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Performance Test: Amazon EBS vs. Instance Storage, Pt.1

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I’m exploring the possibility to speed-up my cloud database so I’ve run some basic tests against storage options available to Amazon EC2 instances. The instance was m1.large with High I/O performance and two additional disks with the same size:

  • /dev/xvdb - type EBS
  • /dev/xvdc - type instance storage

Both are Xen para-virtual disks. The difference is that EBS is persistent across reboots while instance storage is ephemeral.

hdparm

For a quick test I used hdparm. The manual says:

-T  Perform timings of cache reads for benchmark and comparison purposes.
    This displays the speed of reading directly from the Linux buffer cache
    without disk access. This measurement is essentially an indication of
    the throughput of the processor, cache, and memory of the system under test.

-t  Perform timings of device reads for benchmark and comparison purposes.
    This displays the speed of reading through the buffer cache to the disk
    without any prior caching of data. This measurement is an indication of how
    fast the drive can sustain sequential data reads under Linux, without any
    filesystem overhead.

The results of 3 runs of hdparm are shown below:

# hdparm -tT /dev/xvdb /dev/xvdc

/dev/xvdb:
 Timing cached reads:   11984 MB in  1.98 seconds = 6038.36 MB/sec
 Timing buffered disk reads:  158 MB in  3.01 seconds =  52.52 MB/sec

/dev/xvdc:
 Timing cached reads:   11988 MB in  1.98 seconds = 6040.01 MB/sec
 Timing buffered disk reads:  1810 MB in  3.00 seconds = 603.12 MB/sec


# hdparm -tT /dev/xvdb /dev/xvdc

/dev/xvdb:
 Timing cached reads:   11892 MB in  1.98 seconds = 5991.51 MB/sec
 Timing buffered disk reads:  172 MB in  3.00 seconds =  57.33 MB/sec

/dev/xvdc:
 Timing cached reads:   12056 MB in  1.98 seconds = 6075.29 MB/sec
 Timing buffered disk reads:  1972 MB in  3.00 seconds = 657.11 MB/sec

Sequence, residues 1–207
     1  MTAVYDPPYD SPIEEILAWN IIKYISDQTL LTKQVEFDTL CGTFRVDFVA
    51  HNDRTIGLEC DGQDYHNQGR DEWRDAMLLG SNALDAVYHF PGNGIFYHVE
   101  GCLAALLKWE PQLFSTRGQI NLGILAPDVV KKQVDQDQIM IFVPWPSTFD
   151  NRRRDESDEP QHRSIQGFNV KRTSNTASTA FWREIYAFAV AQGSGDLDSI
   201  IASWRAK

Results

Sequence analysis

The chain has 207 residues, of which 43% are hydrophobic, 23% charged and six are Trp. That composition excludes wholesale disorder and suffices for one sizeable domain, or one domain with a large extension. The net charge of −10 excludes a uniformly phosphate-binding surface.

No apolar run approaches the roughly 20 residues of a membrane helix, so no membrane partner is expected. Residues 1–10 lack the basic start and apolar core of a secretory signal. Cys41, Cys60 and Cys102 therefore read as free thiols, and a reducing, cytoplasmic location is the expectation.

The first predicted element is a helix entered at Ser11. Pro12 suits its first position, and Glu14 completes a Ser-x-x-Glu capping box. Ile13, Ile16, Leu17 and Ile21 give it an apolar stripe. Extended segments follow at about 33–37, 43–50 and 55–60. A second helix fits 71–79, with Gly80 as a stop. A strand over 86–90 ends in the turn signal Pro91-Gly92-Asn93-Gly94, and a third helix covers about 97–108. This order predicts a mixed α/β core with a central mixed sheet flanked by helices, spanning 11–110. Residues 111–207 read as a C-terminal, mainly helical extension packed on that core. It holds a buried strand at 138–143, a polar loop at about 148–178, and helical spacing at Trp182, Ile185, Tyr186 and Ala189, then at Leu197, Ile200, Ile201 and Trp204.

# hdparm -tT /dev/xvdb /dev/xvdc

/dev/xvdb:
 Timing cached reads:   11994 MB in  1.98 seconds = 6042.39 MB/sec
 Timing buffered disk reads:  254 MB in  3.02 seconds =  84.14 MB/sec

/dev/xvdc:
 Timing cached reads:   11890 MB in  1.99 seconds = 5989.70 MB/sec
 Timing buffered disk reads:  1962 MB in  3.00 seconds = 653.65 MB/sec

Result: Sequential reads from instance storage are 10x faster compared to EBS on average.

IOzone

I’m running MySQL and sequential data reads are probably over idealistic scenario. So I found another benchmark suite, called IOzone. I used the 3-414 version built from the official SRPM.

IOzone performs multiple tests. I’m interested in read/re-read, random-read/write, read-backwards and stride-read.

For this round of testing I’ve tested with ext4 filesystem with and without journal on both types of disks. I also experimented running Iozone inside a ramfs mounted directory. However I didn’t have the time to run the test suite multiple times.

Then I used iozone-results-comparator to visualize the results. (I had to do a minor fix to the code to run inside virtualenv and install all missing dependencies).

Raw IOzone output, data visualization and the modified tools are available in the aws_disk_benchmark_w_iozone.tar.bz2 file (size 51M).

Graphics

EBS without journal(Baseline) vs. Instance Storage without journal(Set1) EBS vs. Instance Storage

Instance Storage without journal(Baseline) vs. Ramfs(Set1) IS vs. Ramfs

Results

  • ext4 journal has no effect on reads, causes slow down when writing to disk. This is expected;
  • Instance storage is faster compared to EBS but not much. If I understand the results correctly, read performance is similar in some cases;
  • Ramfs is definitely the fastest but read performance compared to instance storage is not two-fold (or more) as I expected;

Conclusion

Instance storage appears to be faster (and this is expected) but I’m still not sure if my application will gain any speed improvement or how much if migrated to read from instance storage (or ramfs) instead of EBS. I will be performing more real-world test next time, by comparing execution time for some of my largest SQL queries.

If you have other ideas how to adequately measure I/O performance in the AWS cloud, please use the comments below.

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